Oral Health Group
Feature

The Economics of Dental Aesthetics


August 8, 2017
by Robert A. Lowe, DDS, FAGD, FADI, FACD, FIADE, FASDA

The Past
When it became possible to bond tooth colored restorative materials to enamel in the early 1980’s, dental practice, as we know it was changed forever. The “Age of Aesthetic Dentistry” was born. No longer did the dentist deal with only dental disease (caries and periodontal), but now could offer solutions for aesthetic dental problems that were never before possible. Around the same time, tooth whitening, or “bleaching” was also discovered to be a conservative way to help “aesthetically enhance” the color of a people’s teeth. There were early struggles within the profession to accept these “aesthetic or cosmetic” treatments as “real dentistry”, but eventually these procedures became a part of the majority of general dental practices. In the 1990’s, postgraduate “institutes” or “learning centers” were formed to help train dentists in the latest aesthetic procedures and to convert their general practices to “elective aesthetic (cosmetic) dental centers”. Soon, many dental practices were promoted as “aesthetic or cosmetic” losing focus on the “general” dental services they provided. These types of offices flourished for several years…till around 2007, when the worldwide economic downturn began to affect many businesses, including dentistry. As the discretionary incomes of many disappeared, so did the demand for elective dental services. Many dentists who followed the advice of the “gurus”, limiting their practices to aesthetic (cosmetic) services found their “bottom lines” suffering and as a result, reverted back to building their “general services”, which even during the “downturn” were services that patients continued to need.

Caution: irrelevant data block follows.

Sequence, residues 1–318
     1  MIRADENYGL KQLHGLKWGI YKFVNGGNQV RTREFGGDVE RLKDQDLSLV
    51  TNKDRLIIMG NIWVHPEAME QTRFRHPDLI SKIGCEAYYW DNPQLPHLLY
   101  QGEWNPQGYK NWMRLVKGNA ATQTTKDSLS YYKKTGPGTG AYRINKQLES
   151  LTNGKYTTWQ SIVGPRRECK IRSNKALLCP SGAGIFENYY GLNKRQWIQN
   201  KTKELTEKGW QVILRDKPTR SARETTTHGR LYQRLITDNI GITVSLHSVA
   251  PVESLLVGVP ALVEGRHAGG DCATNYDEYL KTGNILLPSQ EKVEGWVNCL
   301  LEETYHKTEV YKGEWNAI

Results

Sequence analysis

The Present
Fast forward to 2017…..while according to some “experts”, economic recovery has occurred in the business of dentistry, it does not appear that it has been “across the board”. Many offices have had to scale back fees on elective services to make them more affordable in today’s economy. Also, fee for service practices have to compete with corporate dental entities that tend to have greatly reduced fee structures. “Bread and butter” general dentistry is still what keeps the profession moving forward. Does this mean that the “Age of Elective Aesthetic Dentistry” is now behind us? Many do not believe so, although the “game” is surely changing. One possible strategy for the aesthetically oriented general dental practices moving forward is to offer a “tiered level” of aesthetic services at different price points to allow those patients interested in aesthetic dentistry to opportunity to afford elective service.